Most of my comics are based on real-life experiences. There are certain messages that I want to spread through my comics. For instance, I want to show how students are pressurised into taking IIT-JEE or similar entrance tests, and how girls are expected to marry after a certain age.

I try to address these social issues in a humorous way, with a cultural touch.

Who are some of the artists whom you look up to?

These are some of my personal favorites – Rohan Chakravarty, Alicia Souza, Bill Watterson, Foxtrot, Sarah Andersen and Marloesdevee.

What are the problems that you face as a freelancer, and how do you think viewers can help?

I strongly feel that in India, freelancers are undermined. Nobody views art as a lucrative career choice. This mindset must change.

When it comes to supporting artists, people can support artists on this website called ‘Patreon’. Again, this is a very unfamiliar concept in India. People are charged a nominal amount every month to support their favourite artists. In return, you will be given exclusive rewards, like newsletters, early updates, merchandise and more. This helps the artists to not depend entirely on freelance projects for their income and helps them focus more on creating original art.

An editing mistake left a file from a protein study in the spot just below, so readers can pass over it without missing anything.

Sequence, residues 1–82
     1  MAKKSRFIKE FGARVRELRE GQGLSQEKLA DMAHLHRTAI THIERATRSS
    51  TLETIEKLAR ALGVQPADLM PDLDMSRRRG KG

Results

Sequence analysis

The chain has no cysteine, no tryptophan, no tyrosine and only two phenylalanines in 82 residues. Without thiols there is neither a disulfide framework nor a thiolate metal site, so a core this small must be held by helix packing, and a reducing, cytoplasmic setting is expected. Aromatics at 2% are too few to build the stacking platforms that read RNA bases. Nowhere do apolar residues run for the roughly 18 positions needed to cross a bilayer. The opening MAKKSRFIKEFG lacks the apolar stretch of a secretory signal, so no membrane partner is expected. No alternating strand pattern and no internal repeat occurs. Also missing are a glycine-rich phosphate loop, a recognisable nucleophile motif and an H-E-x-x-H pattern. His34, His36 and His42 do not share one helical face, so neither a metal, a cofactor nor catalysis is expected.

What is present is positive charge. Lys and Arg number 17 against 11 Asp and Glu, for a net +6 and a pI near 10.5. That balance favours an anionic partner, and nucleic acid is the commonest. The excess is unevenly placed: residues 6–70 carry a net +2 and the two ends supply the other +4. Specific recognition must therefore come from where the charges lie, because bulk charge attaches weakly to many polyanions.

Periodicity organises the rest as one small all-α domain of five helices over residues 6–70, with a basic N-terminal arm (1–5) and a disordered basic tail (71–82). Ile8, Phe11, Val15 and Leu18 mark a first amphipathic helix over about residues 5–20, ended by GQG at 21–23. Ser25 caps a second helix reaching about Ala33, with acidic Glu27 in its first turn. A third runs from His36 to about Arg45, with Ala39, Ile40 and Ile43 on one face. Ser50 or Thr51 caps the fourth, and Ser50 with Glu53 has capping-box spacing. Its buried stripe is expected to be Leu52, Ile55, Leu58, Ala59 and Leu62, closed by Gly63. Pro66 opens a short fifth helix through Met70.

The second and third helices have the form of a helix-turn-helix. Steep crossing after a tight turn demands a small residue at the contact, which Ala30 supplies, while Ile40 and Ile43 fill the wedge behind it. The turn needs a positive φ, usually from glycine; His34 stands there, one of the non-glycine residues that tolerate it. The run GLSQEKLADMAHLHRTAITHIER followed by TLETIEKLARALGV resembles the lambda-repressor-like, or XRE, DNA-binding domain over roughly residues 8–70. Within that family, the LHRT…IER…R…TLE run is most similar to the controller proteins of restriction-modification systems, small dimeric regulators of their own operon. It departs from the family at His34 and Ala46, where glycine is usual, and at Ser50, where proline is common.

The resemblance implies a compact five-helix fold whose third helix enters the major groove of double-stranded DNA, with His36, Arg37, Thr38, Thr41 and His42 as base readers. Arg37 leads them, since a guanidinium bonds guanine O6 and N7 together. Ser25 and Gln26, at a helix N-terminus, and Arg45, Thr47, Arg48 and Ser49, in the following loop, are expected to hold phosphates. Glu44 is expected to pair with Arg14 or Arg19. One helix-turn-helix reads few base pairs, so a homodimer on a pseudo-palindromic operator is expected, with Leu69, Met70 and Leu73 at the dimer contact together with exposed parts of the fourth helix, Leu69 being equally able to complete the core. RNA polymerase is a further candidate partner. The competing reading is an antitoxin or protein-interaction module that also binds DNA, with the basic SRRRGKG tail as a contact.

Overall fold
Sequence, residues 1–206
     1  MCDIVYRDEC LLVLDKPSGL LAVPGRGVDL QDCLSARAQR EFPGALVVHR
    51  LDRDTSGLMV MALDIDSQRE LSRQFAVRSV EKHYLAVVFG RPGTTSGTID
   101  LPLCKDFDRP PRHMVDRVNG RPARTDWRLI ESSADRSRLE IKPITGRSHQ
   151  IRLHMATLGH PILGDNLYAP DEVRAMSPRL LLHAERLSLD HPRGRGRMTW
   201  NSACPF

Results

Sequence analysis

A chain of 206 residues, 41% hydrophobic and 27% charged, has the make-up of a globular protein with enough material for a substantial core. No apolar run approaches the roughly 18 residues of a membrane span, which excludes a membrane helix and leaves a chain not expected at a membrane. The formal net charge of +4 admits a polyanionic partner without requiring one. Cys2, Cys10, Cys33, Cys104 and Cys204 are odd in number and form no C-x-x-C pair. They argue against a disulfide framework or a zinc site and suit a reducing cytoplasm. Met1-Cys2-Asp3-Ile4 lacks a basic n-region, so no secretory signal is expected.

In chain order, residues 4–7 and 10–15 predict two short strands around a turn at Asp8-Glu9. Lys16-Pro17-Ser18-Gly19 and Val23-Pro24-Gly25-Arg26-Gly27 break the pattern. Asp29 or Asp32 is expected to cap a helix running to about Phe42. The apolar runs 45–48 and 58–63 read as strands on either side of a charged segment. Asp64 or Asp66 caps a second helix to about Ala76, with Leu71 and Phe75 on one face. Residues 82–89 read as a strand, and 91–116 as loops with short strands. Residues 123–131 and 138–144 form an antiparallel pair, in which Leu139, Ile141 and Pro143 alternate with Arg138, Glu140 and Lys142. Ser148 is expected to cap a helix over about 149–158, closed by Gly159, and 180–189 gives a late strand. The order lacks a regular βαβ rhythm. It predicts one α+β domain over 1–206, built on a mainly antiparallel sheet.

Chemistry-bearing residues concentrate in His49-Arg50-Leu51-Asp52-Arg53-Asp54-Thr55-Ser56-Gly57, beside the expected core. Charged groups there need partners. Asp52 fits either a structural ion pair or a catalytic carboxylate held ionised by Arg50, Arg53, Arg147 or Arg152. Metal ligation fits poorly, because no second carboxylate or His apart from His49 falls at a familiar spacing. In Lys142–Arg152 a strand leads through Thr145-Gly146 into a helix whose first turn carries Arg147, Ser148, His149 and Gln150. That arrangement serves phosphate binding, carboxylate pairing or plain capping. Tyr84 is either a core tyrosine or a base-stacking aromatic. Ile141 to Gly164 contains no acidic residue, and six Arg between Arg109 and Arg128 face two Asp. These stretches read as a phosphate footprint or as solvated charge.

What advice would you give to the budding artists?

No one should pursue what they don’t like just because they are being pressured by their friends, family or society. 

I wish that by looking at artists like us, they should realize that art as a profession isn’t less than any other, and if you are persistent you will do great. 

Even if you have to take up a day job to make your ends meet, you should always make time for doing what you love, and never let go of the passion.

Thoughts about Stoned Santa?

Helping artists get recognized and helping them reach many people is a wonderful idea. I really hope that Stoned Santa does well in the future.